Research on how much homework kids are actually doing these days is a bit confusing. When the federally administered National Assessment of Educational Progress (NAEP) in 2012 asked students how much homework they had the previous night, 22% of 9-year-olds said they had none; 57% said they had an hour or less. Just 17% said they had an hour or more (and 4% said they had homework but didn’t do it).
A longitudinal analysis of NAEP data by the Brookings Institution’s Tom Loveless in 2014 found that more 9-year-olds were regularly doing homework than their parents’ generation: In 1984, 35% of students reported no homework the previous night. By 2012, that had shrunk to 22%.
But the share of 9-year-olds reporting an hour or more of homework was also down by two percentage points in that same period, from 19% to 17%. The percentage reporting less than an hour of homework had risen from 41% to 57%.
Loveless also found that 27% of 17-year-olds reported having no homework. And the share of 17-year-olds who spent more than two hours a night on homework remained unchanged at 13%.
Loveless said the data showed that the percentage of kids who are genuinely overworked “is really small.”
All the same, “no-homework nights” are quietly emerging nationwide. In Vancouver, Wash., schools plan to eliminate homework for students through third grade.
In the suburban Houston Katy Independent School District, schools this year will observe six “family nights,” during which teachers will be discouraged from assigning homework.
In a Facebook post last August that went viral, Brandy Young, a second-grade teacher at Godley Elementary School in Texas sent home a letter telling parents there would be no formally assigned homework during the school year. She urged families to eat dinner together, read together, play outside and get their child to bed early.
“Children need a foundation,” Young wrote. “They need to sit at the dinner table and debrief with their support team.” She added, “Parents, the homework is for you now. Praise your children for a hard day’s work when they get off the bus today.”
But in other areas where educators have moved to take the pressure off kids, parents have pushed back. In the West Windsor-Plainsboro Regional School District near Princeton, N.J., parents — many of them immigrants from China, India and Korea — in 2015 complained of “dumbing down” their children’s education. “What is happening here reflects a national anti-intellectual trend that will not prepare our children for the future,” parent Mike Jia said.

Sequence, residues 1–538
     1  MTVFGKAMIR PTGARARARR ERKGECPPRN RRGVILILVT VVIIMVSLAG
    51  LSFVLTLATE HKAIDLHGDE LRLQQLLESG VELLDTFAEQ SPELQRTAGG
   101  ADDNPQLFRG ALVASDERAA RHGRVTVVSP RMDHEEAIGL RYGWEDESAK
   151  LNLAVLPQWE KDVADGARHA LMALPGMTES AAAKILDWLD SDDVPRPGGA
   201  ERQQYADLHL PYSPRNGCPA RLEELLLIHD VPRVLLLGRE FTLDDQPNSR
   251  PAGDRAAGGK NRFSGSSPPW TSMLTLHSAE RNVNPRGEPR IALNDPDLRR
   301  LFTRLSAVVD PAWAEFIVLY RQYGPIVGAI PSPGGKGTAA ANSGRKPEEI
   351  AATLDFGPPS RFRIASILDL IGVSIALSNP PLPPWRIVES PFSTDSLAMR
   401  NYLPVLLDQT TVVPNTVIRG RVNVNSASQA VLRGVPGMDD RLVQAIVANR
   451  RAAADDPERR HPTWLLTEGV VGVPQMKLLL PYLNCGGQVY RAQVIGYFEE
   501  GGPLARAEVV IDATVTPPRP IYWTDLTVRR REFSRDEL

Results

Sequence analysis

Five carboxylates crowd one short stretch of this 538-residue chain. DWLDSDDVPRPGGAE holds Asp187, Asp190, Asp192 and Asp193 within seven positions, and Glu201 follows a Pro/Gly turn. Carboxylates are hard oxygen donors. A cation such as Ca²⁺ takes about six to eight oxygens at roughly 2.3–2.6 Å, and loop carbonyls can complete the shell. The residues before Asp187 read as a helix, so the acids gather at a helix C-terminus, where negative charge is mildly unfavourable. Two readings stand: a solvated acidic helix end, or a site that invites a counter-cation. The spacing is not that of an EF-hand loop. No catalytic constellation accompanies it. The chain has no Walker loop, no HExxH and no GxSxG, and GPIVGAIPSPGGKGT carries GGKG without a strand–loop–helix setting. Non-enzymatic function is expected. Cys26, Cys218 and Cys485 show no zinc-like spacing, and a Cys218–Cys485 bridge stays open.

Many schools have long subscribed to the “10-minute rule,” which suggests that schools assign no more than 10 minutes of homework per grade level — first-graders bring home just 10 minutes of work, while ninth-graders have 90 minutes. Twelfth-graders, by these guidelines, are assigned about two hours’ worth of homework nightly.
That may work in middle school and high school, where the idea was developed, said Denise Pope, a senior lecturer at Stanford University Graduate School of Education. But she said researchers who developed the idea didn’t test it out at the elementary school level.
“Nobody did any research on third grade to see that 30 minutes is the optimal time,” she said. “Everybody just extrapolated down.”
The National PTA, which endorses the 10-minute rule, advises: “Homework that cannot be done without help is not good homework.”
Pope, who is also co-founder of Challenge Success, a research and intervention project that “aims to reduce unhealthy pressure on youth and champions a broader vision of youth success,” said schools she works with stress the need to give kids more playtime, family time and downtime.
She calls these “protective factors” that help kids thrive. Homework, she said, impedes that.
For those who say kids need homework to practice skills, she says that may be true for older kids, but not for younger ones. In high school, she said, “You come prepared, just like an adult would come prepared to have a meeting. But at the early years? No. Other things need to take priority at home.”
Follow Greg Toppo on Twitter: @gtoppo